Why Quality, starting at the Tertiary Sector, is the most important component in Education for Sustainable Development

zabSpending on our education system without special attention to Quality is a formula for waste and frustration, leading to diminished expectations and an exacerbation of our problems in Belize.  At the heart of this matter is the need to recognize what comprises quality in education, with special focus on the Tertiary level.

As noted last week, my recommended sequence to get us to Sustainable Development is:

First, strong Leadership;

Second, a Unity of Vision (taking ownership of Horizon 2030 is critical).       Third, Quality Education with a focus on the Tertiary Level, and

Fourth, Improved Productivity  required to increase our standard of living and capabilities to achieve our vision.  This week’s article is about the Third step, Quality Education.

The same things that distinguish higher quality from lower quality in other areas apply to the education sector.  For example, the German Mercedes Benz automobile is considered among the finest in the world.  The company’s reputation has been maintained over the years even with serious attempts by other auto makers from other countries trying to surpass them.

Another classic example comes from the hotel and hospitality industry with ratings such as three, four, five, and higher stars.  Certain hotel brands are known for their higher quality around the world,    For example the Ritz Carlton chain.  At this point you may be correctly linking price with quality and wondering if we can only get quality by paying a very high price.  This is where the issue of Standards come in to the picture.

What really goes into quality?  The first point is that you will find that a focus on details is always at the heart of producing quality.  There are Industry Standards that must be met, and to be distinguished from others, these standards must be surpassed.

The higher the quality of the goods or service, the greater is the focus and effort on the finer details of the goods or service.  This requires a higher level of commitment, training and abilities of those involved in the process.

The people at Mercedes Benz accept, almost with a degree of apology and helplessness, that they are obsessed with the very finest of details.  Just the chime of sounds warning you to put on your seatbelts or the sound of the door closing takes incredible effort and a multitude of testing and retesting before they are incorporated in their cars.

By focusing on the finest details they are able to maintain their reputation and the high value of their cars.  The extra effort paid to the details attracts a proportionately greater return in value and so they can continue to earn a high premium for their investments.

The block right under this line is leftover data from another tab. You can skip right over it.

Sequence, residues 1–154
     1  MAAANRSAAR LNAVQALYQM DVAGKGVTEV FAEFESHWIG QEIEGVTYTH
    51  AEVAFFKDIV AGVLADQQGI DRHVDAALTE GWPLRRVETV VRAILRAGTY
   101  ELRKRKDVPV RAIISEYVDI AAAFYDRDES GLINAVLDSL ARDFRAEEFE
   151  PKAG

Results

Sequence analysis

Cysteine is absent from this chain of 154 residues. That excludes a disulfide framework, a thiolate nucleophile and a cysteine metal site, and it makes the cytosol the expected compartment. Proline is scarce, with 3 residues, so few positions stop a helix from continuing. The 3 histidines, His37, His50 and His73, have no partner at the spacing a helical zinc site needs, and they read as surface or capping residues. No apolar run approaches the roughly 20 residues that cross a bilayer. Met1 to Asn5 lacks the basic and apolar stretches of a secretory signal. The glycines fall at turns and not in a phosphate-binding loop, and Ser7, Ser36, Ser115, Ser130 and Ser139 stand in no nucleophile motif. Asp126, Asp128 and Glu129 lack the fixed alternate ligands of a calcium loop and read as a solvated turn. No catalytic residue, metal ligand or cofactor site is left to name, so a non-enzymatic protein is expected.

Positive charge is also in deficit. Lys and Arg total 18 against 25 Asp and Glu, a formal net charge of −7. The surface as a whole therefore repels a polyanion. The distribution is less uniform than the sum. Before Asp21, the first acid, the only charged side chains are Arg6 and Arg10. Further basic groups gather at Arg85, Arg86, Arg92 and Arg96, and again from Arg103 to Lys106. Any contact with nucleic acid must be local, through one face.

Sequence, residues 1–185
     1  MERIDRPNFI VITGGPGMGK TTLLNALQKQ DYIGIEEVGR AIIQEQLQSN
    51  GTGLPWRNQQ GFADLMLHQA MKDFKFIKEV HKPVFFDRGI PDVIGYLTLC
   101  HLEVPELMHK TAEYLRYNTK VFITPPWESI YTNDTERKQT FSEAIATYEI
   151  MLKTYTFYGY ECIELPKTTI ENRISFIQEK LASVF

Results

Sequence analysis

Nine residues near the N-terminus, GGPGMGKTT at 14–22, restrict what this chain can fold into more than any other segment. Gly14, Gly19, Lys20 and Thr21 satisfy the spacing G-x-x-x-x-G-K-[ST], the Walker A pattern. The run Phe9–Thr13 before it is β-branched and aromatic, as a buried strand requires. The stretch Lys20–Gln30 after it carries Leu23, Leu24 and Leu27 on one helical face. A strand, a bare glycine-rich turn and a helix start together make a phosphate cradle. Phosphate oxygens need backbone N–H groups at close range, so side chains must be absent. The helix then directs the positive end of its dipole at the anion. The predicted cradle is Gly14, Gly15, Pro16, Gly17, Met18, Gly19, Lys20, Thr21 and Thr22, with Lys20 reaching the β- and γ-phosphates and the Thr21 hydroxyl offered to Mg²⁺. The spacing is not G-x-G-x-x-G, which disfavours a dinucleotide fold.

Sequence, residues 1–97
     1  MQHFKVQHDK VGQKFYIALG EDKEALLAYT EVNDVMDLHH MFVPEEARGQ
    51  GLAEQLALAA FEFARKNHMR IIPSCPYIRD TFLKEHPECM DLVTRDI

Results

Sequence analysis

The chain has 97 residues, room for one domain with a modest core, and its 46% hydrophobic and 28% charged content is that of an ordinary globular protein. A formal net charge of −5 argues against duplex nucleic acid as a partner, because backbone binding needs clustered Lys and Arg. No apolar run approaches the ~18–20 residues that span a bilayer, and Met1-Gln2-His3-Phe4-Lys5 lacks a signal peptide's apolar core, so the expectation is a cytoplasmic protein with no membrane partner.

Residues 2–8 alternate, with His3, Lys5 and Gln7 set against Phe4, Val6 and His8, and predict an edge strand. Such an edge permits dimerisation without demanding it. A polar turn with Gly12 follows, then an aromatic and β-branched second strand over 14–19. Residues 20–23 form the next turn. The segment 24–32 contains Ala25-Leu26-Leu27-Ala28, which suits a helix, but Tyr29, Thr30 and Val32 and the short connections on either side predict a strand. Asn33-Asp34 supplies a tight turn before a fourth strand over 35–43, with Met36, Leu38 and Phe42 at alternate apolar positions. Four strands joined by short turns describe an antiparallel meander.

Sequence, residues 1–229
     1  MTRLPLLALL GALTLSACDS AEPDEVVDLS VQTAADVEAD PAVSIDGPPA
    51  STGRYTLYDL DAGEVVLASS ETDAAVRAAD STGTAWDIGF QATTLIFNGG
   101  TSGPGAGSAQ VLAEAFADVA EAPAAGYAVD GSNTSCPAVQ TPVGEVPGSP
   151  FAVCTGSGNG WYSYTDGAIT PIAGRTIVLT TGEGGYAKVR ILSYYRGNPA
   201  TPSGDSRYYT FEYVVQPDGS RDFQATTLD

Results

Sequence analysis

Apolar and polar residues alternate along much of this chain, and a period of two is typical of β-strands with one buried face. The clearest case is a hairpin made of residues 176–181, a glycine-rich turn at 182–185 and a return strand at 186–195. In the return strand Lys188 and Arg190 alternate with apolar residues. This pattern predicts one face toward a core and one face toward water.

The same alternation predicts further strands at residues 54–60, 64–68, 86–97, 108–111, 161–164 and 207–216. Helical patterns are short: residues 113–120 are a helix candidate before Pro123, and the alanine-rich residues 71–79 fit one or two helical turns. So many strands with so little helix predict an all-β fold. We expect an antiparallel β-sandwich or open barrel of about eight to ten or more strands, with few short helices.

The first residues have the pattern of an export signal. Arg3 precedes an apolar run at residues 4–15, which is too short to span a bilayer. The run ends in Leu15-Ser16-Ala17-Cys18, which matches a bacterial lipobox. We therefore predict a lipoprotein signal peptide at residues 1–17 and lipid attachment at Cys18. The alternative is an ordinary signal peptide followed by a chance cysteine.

This brings us to a second important point.  To be able to rise above standards and focus on details requires a certain attitude, a certain culture. It is an attitude that promotes excellence and going beyond the call of duty.  It is one that has as its most important objective the welfare of the customers.  It is a cultural attitude that finds personal satisfaction in the joy and satisfaction of those you are serving.

So how does our Education System live up to these requirements for Quality?  Does it look at the students as its customers and does it have the majority of the people working in this sector focusing on details with a passion?  Is there a culture in the Education Sector where the people working in it strive for excellence by going beyond the call of duty?  Are the people in the sector properly trained and equipped to produce high quality?

The answers to these questions are not to come from the people in the Sector.  They are only to respond to the answers which come from the Customers, that is, the students and parents of the students.  The answers are to come  also from the employers of the graduates of the school system.  The answers have been coming for many years and the Customers have not been happy.

So it is an issue of what to do about creating that culture that wants to not only meet standards, but to exceed them.  In the first place we need to have clear and relevant Standards, for which much work has been done in the last couple decades.  Are we satisfied with these Standards?  Why do primary school students have to take so many subjects and what are the implications on costs for the required textbooks, especially for lower income people?

The reason why we must focus on the Tertiary Sector as a priority, unlike what many in the Sector believe, is because it is at this level that the Leaders are to be developed who will change the Culture and improve the results.  If we are pouring money at the lower levels just to increase numbers, we may be contributing to the problem:  more people are now getting a lower quality education!

It is imperative that the importance of the Tertiary Sector be recognized as the place where major efforts must be made to improve quality so that this improvement in quality permeates throughout the system.  Where are the teachers, managers and policy makers to be trained?  Clearly it is at the Tertiary level.

We must start from where we derive Brainpower, and that is at the College and University level.  And we must start ensuring that at the Tertiary level we have people who are passionate about details, about surpassing Standards, and about serving their Customers.  Let us build on Brainpower and Character urgently.  That’s how we will start to improve on Quality throughout the Education System, in turn benefiting all of society.

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